a tessellation (object of class

`"tess"`

). The result is a factor-valued image, with one factor level corresponding to each tile of the tessellation. Pixels are classified according to the tile of the tessellation into which they fall.a single number (or a single logical, complex, factor or character value). The result is an image with all pixel entries equal to this constant value inside the window

`W`

(and`NA`

outside, unless the argument`na.replace`

is given). Argument`W`

is required.a function of the form

`function(x, y, ...)`

which is to be evaluated to yield the image pixel values. In this case, the additional argument`W`

must be present. This window will be converted to a binary image mask. Then the function`X`

will be evaluated in the form`X(x, y, ...)`

where`x`

and`y`

are**vectors**containing the \(x\) and \(y\) coordinates of all the pixels in the image mask, and`...`

are any extra arguments given. This function must return a vector or factor of the same length as the input vectors, giving the pixel values.an object of class

`"funxy"`

representing a`function(x,y,...)`

defined in a spatial region. The function will be evaluated as described above. The window`W`

defaults to the domain of definition of the function.an object of class

`"funxy"`

which also belongs to one of the following special classes. If`approx=TRUE`

(the default), the function will be evaluated approximately using a very fast algorithm. If`approx=FALSE`

, the function will be evaluated exactly at each grid location as described above.an object of class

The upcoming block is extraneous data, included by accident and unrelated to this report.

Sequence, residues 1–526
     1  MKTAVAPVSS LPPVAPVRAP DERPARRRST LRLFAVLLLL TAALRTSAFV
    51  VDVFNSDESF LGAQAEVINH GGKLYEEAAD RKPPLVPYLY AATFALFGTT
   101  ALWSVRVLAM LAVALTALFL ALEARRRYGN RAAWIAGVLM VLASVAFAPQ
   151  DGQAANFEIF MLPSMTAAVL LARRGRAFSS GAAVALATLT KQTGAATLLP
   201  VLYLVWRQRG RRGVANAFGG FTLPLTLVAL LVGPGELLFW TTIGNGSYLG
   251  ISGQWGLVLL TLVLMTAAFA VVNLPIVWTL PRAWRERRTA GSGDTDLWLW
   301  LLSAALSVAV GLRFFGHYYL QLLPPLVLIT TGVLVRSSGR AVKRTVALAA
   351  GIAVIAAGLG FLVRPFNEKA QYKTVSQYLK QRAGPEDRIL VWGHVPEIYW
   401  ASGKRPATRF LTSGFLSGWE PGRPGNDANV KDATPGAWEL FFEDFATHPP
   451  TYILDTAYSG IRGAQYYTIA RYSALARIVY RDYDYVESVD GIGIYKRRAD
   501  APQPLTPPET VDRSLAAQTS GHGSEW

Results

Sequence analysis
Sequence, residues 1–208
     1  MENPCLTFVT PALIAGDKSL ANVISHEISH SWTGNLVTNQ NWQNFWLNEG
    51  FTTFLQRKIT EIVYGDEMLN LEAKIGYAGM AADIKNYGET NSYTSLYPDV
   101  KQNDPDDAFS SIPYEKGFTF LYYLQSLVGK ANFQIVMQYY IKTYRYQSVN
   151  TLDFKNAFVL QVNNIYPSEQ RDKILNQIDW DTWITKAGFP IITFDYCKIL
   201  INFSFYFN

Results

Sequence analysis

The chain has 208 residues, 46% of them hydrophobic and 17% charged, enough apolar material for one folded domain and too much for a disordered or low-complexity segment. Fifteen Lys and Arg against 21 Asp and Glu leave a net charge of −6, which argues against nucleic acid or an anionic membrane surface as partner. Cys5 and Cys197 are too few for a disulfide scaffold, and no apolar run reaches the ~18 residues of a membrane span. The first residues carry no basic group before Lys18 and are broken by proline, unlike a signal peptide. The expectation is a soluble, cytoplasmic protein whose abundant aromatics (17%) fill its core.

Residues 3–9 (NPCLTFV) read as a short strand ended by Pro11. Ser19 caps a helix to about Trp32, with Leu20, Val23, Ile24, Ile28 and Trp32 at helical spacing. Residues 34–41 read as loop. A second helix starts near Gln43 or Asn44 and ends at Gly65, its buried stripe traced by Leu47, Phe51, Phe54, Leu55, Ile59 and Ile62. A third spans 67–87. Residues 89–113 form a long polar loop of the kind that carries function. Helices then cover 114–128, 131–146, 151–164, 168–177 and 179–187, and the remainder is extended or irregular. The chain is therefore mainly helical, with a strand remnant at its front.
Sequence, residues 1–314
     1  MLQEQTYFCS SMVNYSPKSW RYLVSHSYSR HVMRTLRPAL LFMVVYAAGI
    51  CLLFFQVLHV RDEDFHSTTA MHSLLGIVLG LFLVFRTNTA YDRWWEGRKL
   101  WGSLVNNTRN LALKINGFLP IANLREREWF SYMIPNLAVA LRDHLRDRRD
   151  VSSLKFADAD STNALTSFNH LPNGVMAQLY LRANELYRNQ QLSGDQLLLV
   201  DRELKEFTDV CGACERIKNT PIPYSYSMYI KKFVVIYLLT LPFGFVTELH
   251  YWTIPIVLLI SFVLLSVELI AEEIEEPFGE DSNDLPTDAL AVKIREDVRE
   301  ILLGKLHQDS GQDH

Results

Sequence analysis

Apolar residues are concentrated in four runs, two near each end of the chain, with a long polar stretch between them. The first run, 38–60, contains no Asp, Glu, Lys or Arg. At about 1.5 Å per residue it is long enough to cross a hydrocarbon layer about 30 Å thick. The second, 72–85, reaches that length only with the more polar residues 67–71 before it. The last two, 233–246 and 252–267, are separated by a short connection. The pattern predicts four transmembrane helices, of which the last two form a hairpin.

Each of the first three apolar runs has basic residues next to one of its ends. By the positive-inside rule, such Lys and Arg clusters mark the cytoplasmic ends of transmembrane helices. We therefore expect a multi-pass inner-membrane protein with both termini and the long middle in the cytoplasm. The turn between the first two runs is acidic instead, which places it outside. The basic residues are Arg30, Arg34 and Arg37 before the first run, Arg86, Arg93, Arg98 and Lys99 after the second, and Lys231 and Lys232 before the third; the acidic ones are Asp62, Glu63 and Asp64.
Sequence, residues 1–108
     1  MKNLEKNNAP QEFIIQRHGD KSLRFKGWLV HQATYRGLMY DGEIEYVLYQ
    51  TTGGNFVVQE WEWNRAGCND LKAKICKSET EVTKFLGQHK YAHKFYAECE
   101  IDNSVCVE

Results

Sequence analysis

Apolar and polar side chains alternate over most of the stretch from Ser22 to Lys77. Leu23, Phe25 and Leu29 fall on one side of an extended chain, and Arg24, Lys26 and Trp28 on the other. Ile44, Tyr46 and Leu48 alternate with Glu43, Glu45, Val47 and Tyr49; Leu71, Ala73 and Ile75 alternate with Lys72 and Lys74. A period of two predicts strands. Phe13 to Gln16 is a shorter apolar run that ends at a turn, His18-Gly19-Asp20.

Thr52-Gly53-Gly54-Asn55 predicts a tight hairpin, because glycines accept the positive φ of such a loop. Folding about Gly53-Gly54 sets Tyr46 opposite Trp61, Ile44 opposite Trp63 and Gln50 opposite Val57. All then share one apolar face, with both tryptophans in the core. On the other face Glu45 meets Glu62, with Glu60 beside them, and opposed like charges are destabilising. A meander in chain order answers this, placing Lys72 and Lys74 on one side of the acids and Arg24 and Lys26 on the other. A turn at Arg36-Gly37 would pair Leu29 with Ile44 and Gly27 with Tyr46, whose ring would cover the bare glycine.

`"distfun"`

representing a distance function (created by the command`distfun`

). The fast approximation is the distance transform`distmap`

.an object of class

`"nnfun"`

representing a nearest neighbour function (created by the command`nnfun`

). The fast approximation is`nnmap`

.an object of class

`"densityfun"`

representing a kernel estimate of intensity (created by the command`densityfun`

). The fast approximation is the Fast Fourier Transform algorithm in`density.ppp`

.an object of class

`"Smoothfun"`

representing kernel-smoothed values (created by the command`Smoothfun`

). The fast approximation is the Fast Fourier Transform algorithm in`Smooth.ppp`

.

An

`expression`

involving the variables`x`

and`y`

representing the spatial coordinates, and possibly also involving other variables. The additional argument`W`

must be present; it will be converted to a binary image mask. The expression`X`

will be evaluated in an environment where`x`

and`y`

are**vectors**containing the spatial coordinates of all the pixels in the image mask. Evaluation of the expression`X`

must yield a vector or factor, of the same length as`x`

and`y`

, giving the pixel values.a list with entries

`x, y, z`

in the format expected by the standard`R`

functions`image.default`

and`contour.default`

. That is,`z`

is a matrix of pixel values,`x`

and`y`

are vectors of \(x\) and \(y\) coordinates respectively, and`z[i,j]`

is the pixel value for the location`(x[i],y[j])`

.a point pattern (object of class

`"ppp"`

). See the separate documentation for`as.im.ppp`

.A data frame with at least three columns. Columns named

`x`

,`y`

and`z`

, if present, will be assumed to contain the spatial coordinates and the pixel values, respectively. Otherwise the`x`